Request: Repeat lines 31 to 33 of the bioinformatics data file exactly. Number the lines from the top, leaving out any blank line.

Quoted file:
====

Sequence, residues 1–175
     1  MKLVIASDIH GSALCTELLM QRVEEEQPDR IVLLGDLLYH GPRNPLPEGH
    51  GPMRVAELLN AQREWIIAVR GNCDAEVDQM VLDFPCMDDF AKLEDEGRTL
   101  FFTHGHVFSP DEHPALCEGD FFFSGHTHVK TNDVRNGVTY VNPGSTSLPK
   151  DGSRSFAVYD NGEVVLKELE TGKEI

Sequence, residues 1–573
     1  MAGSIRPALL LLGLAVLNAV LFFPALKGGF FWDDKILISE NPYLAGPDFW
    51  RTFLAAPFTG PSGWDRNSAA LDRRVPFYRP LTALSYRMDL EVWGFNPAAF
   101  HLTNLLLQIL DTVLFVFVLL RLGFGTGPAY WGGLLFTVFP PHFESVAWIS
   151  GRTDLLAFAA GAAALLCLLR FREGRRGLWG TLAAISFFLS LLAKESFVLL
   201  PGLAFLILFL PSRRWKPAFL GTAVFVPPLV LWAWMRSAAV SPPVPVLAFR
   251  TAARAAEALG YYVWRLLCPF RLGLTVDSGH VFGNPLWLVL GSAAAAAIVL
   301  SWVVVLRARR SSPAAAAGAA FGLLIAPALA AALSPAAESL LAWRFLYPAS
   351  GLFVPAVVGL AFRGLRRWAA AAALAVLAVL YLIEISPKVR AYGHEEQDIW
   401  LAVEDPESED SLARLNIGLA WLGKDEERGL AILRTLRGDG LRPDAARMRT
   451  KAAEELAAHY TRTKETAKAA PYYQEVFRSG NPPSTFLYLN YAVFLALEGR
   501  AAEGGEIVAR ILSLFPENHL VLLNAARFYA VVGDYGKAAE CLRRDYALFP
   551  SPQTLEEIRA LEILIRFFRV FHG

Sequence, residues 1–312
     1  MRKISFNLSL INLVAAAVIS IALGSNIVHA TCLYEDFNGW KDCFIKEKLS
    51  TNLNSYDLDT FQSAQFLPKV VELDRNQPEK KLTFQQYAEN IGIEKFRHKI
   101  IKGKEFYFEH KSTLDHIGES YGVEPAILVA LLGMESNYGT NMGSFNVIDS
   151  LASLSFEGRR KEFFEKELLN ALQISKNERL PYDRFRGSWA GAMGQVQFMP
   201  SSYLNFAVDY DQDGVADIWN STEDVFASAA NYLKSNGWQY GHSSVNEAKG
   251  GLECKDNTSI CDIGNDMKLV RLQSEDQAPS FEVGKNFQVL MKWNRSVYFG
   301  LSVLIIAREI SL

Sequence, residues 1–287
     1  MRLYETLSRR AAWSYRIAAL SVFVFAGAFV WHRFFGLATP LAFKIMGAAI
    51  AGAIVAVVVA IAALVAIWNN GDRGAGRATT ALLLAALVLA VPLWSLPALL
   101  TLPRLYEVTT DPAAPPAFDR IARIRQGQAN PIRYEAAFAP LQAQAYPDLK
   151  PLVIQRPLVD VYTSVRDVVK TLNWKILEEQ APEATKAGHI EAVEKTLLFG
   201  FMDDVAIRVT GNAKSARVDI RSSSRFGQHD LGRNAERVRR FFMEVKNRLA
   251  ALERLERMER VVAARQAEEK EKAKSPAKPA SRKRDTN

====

   151  PLVIQRPLVD VYTSVRDVVK TLNWKILEEQ APEATKAGHI EAVEKTLLFG
   201  FMDDVAIRVT GNAKSARVDI RSSSRFGQHD LGRNAERVRR FFMEVKNRLA
   251  ALERLERMER VVAARQAEEK EKAKSPAKPA SRKRDTN